Chambers Family Tree & Chambers Genealogy
A branch of the Chambers family tree became prominent land owners in west Wales who were involved with local politics and became involved in sports administration. The lineage or ancestry traces back to William Chambers who was born in London, England in 1773. He was the son of Abraham of Totteridge. He moved into the Stepney mansion, Llanelly House in Carmarthenshire, Wales. He had a son named William Jr. A later descendant of this line was John Graham Chambers who was born in Llanelly House.
Another branch of the family tree traces back to Jan Chambers who was born in 1670. He was a member of the New Netherland Community. He married Cornelia Van Aken and fathered the following children with her: Andries, Margriet, Elizabeth, Marinus, Sarah (Kermer), Eduard, and Samuel. His son Marinus was born in Rochester, New York before June 1701. He married twice: Zusanna Kittle and Dina de Lange, and had the following issue: Hannaken, Cornelia, John, Ysaak, Cornelis, Susanna, and Jacobus. His son John was born in Ulster, New York in 1728. He married Catherine Depue and he had the following issue with her: Margrita, Cornelius, and Elizabeth (LaBar). His daughter Elizabeth was born in Marbletown, NY in 1757. She married Daniel Labar Jr. and had a son with him named Daniel Edwin LaBar who was born in Smithfield, Pennsylvania in 1789 and passed away in Wisconsin in 1839.
Walter de La Chambre (or Chambers) was born in Scotland in 1273 AD. His descendant (grandson? Or great grandson?) Griffin del Chambre (or Chambers) was born in Scotland around 1357. His descendant was Henry Chambers who was born in Chellington, Bedfordshire in 1535. His son Robert Chambers was born in Bedfordshire around 1556. He had the following issue: William, Robert, John, Vincent, Richard, and Joan. His son William was born in Bedfordshire, England in 14604. He married Helen Finden and had a son with her named Robert. Robert was born in Stirlingshire, Scotland in 1622. He married Marioun Cloggie and had the following children with her: Peter, Benjamin, John Sr., and Alexander. His son John Chambers Sr. was born in Lanark, Scotland in 1645, and he went to colonial America, New Jersey. He had a son named John Jr. John Jr. was born in Lanark, Scotland and went to New Jersey with her father. He married Margaret Hall and had a son with her named James. This James Chambers was born in New Jersey in 1681 and he married Phebe Smith, with whom he had a son named Ahijah who was born in Byram, New Jersey in 1735. He married Elizabeth Doty and fathered the following issue with her: Ahiijah, Daniel, James, Elizabeth, Jonathon, and Isaac.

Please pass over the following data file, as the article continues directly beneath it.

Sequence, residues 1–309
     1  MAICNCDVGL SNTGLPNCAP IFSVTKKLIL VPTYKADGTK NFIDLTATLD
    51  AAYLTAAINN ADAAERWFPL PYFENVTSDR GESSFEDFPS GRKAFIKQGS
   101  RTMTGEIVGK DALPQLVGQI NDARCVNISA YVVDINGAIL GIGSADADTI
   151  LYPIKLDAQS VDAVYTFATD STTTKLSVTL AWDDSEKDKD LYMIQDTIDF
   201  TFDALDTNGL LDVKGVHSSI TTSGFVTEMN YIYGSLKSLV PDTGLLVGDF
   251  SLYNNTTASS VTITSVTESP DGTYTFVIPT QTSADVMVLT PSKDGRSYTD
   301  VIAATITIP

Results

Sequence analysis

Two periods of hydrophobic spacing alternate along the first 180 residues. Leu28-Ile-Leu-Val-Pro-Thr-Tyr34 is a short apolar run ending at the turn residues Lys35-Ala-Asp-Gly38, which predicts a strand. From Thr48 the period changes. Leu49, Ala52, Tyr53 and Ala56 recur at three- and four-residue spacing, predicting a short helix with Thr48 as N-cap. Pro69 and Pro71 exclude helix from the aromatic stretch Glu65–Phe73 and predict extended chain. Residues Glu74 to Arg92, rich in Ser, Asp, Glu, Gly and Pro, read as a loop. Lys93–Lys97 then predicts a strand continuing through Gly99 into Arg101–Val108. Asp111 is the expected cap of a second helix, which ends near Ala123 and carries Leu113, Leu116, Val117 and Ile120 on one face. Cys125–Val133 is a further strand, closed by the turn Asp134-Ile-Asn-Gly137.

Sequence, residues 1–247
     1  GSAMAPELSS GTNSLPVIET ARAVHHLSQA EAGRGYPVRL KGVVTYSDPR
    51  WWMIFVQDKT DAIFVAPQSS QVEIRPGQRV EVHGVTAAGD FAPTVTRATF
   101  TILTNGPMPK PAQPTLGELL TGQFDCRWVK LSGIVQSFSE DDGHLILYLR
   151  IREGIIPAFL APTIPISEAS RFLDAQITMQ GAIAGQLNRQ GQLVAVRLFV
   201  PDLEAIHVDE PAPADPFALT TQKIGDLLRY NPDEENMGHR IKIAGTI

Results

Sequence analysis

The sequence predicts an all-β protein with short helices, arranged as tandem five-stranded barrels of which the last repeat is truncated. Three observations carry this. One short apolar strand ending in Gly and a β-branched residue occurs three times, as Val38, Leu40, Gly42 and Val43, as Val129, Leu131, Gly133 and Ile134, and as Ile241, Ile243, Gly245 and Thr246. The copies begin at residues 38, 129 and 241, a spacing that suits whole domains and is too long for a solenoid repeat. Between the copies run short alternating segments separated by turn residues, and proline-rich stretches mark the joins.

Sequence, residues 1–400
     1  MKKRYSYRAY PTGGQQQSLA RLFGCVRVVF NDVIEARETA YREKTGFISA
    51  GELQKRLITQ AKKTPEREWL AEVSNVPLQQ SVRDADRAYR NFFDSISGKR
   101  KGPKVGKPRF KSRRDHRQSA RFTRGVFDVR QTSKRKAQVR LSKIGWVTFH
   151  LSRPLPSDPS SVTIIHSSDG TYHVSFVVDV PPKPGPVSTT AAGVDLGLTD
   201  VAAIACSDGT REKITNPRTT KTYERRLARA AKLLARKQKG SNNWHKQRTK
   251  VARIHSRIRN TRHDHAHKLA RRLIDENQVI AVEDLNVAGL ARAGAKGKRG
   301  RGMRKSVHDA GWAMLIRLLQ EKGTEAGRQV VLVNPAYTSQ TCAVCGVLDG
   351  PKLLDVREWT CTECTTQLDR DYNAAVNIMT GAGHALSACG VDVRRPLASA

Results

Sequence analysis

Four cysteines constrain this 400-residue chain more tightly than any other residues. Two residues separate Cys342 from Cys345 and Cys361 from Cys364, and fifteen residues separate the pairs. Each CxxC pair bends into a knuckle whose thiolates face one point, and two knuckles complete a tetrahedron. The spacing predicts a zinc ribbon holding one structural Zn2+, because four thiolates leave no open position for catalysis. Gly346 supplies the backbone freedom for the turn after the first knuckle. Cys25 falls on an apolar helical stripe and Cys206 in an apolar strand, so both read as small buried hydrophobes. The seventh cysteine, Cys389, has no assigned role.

Early American and New World Settlers
The book Genealogical Guide to the Early Settlers, mentions five bearers of this last name: John Chambers, of Trenton, New Jersey, born in 1677, left Scotland during the latter part of the 17th century and settled in county Antrim, Ireland, and then later in Trenton, New Jersey, in colonial America. He had a son named Alexander, a man who was a Commissary of State Troops during the American Revolution.
James Chambers came to Virginia aboard the Dutie in 1621.
James Chambers was recorded as living in Virginia (at the Eastern Shore) in February 1623. He came in 1622 aboard the Bona Nova at the age of 21.
Thomas Chambers, age 24, came to Virginia aboard the Southampton in 1623.
Alice Chambers, a maid servant, came to Virginia aboard the Southampton in 1623.
Jane Chambers, age 23, came to Virginia aboard the Bonaventure in January 1634.
Elizabeth Chambers, age 20, came to Barbados aboard the Alexander in May 1635.
Joshua Chambers, age 17, came to Virginia aboard the David in 1635.
Robert Chambers, age 13, came to New England aboard the Hopewell in September 1635.
Christopher Chambers, age 24, came to Virginia aboard the Constance in October 1635.
John Chambers came to Virginia aboard the Friendshipe of London in March 1636.
Henry Chambers, age 25 perhaps, a convicted rebel from Monmouth’s Rebellion of 1685, came to the New World.
Other early settlers in colonial America bearing this surname include Jane Chambers (Virginia 1714), Joseph Chambers (Georgia 1733), Patrick Chambers (Philadelphia 1746), and Lillias Chambers (South Carolina 1722).
In Canada, one of the first settlers with this last name was John Chambers, who in 1676, settled in Savage, Newfoundland. A one Henry Chambers came to Nova Scotia in 1749. In Australia, one of the first bearers of this surname was Hugh Chamber, a harness maker by trade, came to New South Wales around 1829. In 1837, a family of this name came to Holdfast Bay, including Catherine Priscilla, Benjamin, and Emily Chambers. In 1863, a family of this name came to the city of Auckland New Zealand aboard the Ida Zeigler, including William, John, Mary, Mary Ann, and Sarah Jean Chambers.
Early Americans Bearing the Chambers Family Crest
Crozier’s General Armory (1904) contains one entry for this name: Robert Chambers of Perth Amboy, New Jersey, 1685, from Stirling, Scotland bore the following arms: Sable, a cross couped ermine, between four martlets rising or. Crest: On a ducal coronet or, a demi-eagle displayed gules, wings or. Matthew’s American Armoury and Bluebook (1907) and Charles Bolton’s American Armory (1927) do not contain an entry for this name.